Headaches are a common ailment that strike at the most inopportune times. If you're like many…
Concussions can occur when you least expect them. One blow to the head from playing sports, or a high-impact vehicle accident can lead to a concussion, and it’s essential to understand what that can mean. All injuries are different, and some can cause long term symptoms.
The team at Neurology Center for Epilepsy and Seizures specializes in brain injury recovery treatments and support to ensure you return to your routine in no time.
What is a concussion?
A concussion is defined as a mild traumatic brain injury (TBI) caused by a sudden blow to the head or the result of whiplash after a blow to another part of the body. Such impacts make your brain bounce against your skull, resulting in harm to brain cells and nerve endings. This can change the normal function of your brain and lead to many symptoms.
The symptoms of a concussion
While sometimes symptoms of a concussion immediately develop after the initial impact, other times, it may take a day or even a week to experience any symptoms. It’s not rare for you to lose consciousness when you have a concussion, although most people don’t. More common symptoms can include:
- Memory loss
- Trouble balancing
- Difficulty concentrating
- Abnormal sleeping patterns
- Loss of smell or taste
- Blurry vision
Lasting brain damage
It’s likely to experience brain injury after a concussion. Most commonly, the injury will heal over days or weeks. It’s rare for one single concussion to lead to any long term effect on your brain activity. Of course, each brain injury is unique, but one concussion is treatable and will heal without long term repercussions.
However, after a concussion, you’re more vulnerable to experience another injury. Multiple concussions are more likely to cause long term brain injury and lead to significantly slower recovery time. If this isn’t your first concussion, you will require more medical attention and careful treatment to protect your brain from swelling and permanent damage.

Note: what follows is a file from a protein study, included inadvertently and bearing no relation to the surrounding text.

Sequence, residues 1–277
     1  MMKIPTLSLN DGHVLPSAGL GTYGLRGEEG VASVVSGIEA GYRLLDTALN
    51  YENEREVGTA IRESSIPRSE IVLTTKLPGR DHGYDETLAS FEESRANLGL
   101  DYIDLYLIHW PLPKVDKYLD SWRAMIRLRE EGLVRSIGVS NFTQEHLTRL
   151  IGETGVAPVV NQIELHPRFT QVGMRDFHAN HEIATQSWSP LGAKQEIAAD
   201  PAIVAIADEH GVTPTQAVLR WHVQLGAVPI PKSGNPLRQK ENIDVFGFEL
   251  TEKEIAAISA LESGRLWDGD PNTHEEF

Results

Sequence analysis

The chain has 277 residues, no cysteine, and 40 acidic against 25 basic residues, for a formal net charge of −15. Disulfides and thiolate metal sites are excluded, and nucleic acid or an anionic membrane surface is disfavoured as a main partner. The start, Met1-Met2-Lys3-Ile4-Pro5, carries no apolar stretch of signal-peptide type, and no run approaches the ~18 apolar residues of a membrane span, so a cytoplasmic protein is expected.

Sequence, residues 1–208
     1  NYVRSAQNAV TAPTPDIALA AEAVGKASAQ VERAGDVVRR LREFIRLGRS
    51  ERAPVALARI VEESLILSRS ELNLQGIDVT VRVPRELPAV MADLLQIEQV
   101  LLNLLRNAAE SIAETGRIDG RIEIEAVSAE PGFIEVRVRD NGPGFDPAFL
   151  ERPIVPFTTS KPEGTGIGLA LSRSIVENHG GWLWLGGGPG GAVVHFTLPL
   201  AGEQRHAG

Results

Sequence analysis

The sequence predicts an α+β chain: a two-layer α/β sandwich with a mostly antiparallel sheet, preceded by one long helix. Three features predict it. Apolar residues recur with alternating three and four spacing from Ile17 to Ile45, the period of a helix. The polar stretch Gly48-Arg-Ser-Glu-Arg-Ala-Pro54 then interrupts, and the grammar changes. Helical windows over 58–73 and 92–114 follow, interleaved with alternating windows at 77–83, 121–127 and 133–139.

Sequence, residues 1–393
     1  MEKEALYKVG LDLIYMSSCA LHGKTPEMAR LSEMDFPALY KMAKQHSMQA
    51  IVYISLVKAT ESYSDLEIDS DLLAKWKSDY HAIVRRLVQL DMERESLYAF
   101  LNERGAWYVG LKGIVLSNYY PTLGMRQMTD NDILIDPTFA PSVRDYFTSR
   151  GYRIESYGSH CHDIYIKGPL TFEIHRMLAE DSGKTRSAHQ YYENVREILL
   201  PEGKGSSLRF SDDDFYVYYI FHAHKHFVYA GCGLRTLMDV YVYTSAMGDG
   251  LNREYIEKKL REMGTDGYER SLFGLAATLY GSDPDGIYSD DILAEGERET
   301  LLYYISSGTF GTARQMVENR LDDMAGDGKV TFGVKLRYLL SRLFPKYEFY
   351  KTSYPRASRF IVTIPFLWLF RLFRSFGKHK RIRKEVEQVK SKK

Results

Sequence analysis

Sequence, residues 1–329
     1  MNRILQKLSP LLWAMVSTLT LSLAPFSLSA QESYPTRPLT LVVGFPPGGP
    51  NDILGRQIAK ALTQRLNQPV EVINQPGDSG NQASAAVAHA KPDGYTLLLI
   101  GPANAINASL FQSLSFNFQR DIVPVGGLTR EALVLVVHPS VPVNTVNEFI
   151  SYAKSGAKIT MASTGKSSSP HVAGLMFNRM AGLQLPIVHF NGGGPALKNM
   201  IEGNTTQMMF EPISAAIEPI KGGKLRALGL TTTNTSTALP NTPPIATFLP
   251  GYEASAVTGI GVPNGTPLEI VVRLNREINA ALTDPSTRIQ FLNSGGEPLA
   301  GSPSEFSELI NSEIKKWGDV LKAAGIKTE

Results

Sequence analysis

Treating a concussion
Injuries suffered after a concussion can render you vulnerable to further injury. The primary form of treatment is rest. Receiving plenty of rest following your concussion by reducing your mental and physical activity is key to a quick recovery. Taking a break from sports, extraneous physical activity, and activity that requires significant mental concentrations such as playing with video games or using a computer will allow your brain to heal without additional stress. You should be able to resume your regular activity within a few days, or sometimes weeks after your symptoms disappear.
At the Neurology Center for Epilepsy and Seizures, our team performs CT scans of your brain, and other tests to assess your cognitive and psychological state. Dr. Amor Mehta provides specific instructions and medications that can help your recovery if there are signs of serious brain injury.
To schedule an appointment with the Neurology Center for Epilepsy and Seizures, call our office or book online.